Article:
The FN's management of these towns became controversial, amid liberal economic policies (In Orange, Jacques Bompard reduced school spending by 50%, while in Vitrolles, lead by Catherine Mégret, 150 civil employees were fired, while the police force was expanded from 34 to 70 officers), corruption and even censorship in public libraries. In Vitrolles, the party sought to give 500 euros to the families of each French baby born (in accordance to the FN's policy of "national preference" (préférence nationale). The purpose was to allow money to French citizens only but she was unable to do so for constitutional reasons.
Some of these mayors are still very popular in their cities. For example, Jacques Bompard has been re-elected twice (in 2001 and 2008) with more than 60% of the votes at the first turn. Bompard was however expelled from the FN in 2005, and, along with Marie-Christine Bignon, FN mayor of Chauffailles, he joined Philippe de Villiers' Mouvement pour la France (MPF) . Since 2005, the FN has therefore lost control of all municipalities it had won .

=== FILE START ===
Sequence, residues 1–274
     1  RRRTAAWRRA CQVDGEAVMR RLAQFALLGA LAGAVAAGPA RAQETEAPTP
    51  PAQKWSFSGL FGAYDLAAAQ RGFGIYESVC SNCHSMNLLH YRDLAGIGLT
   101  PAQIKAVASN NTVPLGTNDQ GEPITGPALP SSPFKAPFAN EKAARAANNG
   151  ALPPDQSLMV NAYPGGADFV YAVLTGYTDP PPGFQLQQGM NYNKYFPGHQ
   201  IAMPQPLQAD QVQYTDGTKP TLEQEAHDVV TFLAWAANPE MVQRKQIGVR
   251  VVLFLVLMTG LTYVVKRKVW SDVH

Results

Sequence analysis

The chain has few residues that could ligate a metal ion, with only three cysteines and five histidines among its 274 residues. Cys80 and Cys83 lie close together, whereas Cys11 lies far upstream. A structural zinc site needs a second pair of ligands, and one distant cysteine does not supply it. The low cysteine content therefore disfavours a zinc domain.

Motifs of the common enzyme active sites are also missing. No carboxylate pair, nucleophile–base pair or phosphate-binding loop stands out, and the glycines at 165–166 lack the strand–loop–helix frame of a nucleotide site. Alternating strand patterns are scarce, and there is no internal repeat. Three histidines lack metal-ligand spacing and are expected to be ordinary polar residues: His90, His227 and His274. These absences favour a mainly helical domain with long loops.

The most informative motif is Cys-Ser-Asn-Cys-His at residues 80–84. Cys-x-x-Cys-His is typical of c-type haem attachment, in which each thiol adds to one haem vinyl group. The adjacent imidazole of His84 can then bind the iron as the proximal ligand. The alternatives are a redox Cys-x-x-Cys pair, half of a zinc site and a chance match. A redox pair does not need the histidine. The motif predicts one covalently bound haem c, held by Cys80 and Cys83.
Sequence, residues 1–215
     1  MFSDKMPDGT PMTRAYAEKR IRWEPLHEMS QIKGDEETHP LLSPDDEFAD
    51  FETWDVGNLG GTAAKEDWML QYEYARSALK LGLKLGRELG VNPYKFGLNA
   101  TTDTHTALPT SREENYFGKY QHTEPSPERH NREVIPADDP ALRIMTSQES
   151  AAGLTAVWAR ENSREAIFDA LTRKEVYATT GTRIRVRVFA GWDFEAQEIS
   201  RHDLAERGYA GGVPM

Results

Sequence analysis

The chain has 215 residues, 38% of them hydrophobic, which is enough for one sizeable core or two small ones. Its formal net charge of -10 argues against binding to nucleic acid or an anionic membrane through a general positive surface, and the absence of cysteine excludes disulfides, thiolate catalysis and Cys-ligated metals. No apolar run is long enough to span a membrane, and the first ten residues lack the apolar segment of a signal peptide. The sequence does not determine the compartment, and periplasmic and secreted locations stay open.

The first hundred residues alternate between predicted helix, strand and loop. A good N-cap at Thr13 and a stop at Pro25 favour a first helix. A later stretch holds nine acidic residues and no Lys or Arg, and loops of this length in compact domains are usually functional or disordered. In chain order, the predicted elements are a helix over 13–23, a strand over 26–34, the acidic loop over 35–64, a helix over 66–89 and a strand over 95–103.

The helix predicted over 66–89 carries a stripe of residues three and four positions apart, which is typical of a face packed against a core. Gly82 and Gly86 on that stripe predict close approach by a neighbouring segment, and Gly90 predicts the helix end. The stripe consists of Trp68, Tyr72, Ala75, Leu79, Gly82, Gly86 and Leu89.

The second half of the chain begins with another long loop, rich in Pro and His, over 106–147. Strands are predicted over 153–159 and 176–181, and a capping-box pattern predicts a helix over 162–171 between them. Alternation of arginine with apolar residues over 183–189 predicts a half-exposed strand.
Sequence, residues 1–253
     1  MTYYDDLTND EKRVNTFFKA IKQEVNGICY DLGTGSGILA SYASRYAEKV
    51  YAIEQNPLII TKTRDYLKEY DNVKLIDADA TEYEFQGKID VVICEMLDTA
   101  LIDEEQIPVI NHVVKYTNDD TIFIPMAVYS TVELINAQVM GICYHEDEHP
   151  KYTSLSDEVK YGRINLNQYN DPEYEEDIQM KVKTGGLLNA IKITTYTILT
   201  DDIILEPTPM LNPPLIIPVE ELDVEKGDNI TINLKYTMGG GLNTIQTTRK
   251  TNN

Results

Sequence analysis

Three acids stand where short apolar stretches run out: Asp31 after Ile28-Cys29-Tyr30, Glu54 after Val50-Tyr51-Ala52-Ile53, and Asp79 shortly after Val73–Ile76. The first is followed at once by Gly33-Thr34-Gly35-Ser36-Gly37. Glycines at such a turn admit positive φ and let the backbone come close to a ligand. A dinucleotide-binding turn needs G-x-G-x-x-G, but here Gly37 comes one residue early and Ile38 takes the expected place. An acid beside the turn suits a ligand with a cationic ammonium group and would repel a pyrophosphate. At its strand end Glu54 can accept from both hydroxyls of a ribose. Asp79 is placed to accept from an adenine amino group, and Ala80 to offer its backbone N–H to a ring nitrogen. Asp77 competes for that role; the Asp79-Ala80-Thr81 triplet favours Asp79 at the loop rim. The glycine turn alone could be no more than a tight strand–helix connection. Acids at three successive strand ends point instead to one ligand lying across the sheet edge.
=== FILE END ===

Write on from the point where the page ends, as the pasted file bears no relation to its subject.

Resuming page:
Mégret thereafter quit the FN in December 1998, and founded, in 1999, the National Republican Movement (MNR), along with Serge Martinez (vice-chairman), Jean-Yves Le Gallou (executive director and member of the European Parliament from 1994 to 1999) and Franck Timmermans (secretary-general). Other notable members of the party included Jean Haudry, Pierre Vial, Jean-Claude Bardet, Xavier Guillemot, Christian Bouchet (leader of Unité Radicale, a Third Position movement) and Maxime Brunerie (author of the attempted assassination of Chirac in 2002, which lead to the dissolving of Unité Radicale).
The "Megretist crisis" led to an Ubuesque situation, in which Le Pen and Mégret fought for the legal right to use the name "Front National." Just before Mégret filed with the sous-préfecture of Boulogne-Billancourt the name "Front national - Mouvement national" (cancelled by the courts in May 1999), Le Pen filed (on January 27 1999) articles for the creation of an association "Front national pour l'unité française" (National Front for French Unity).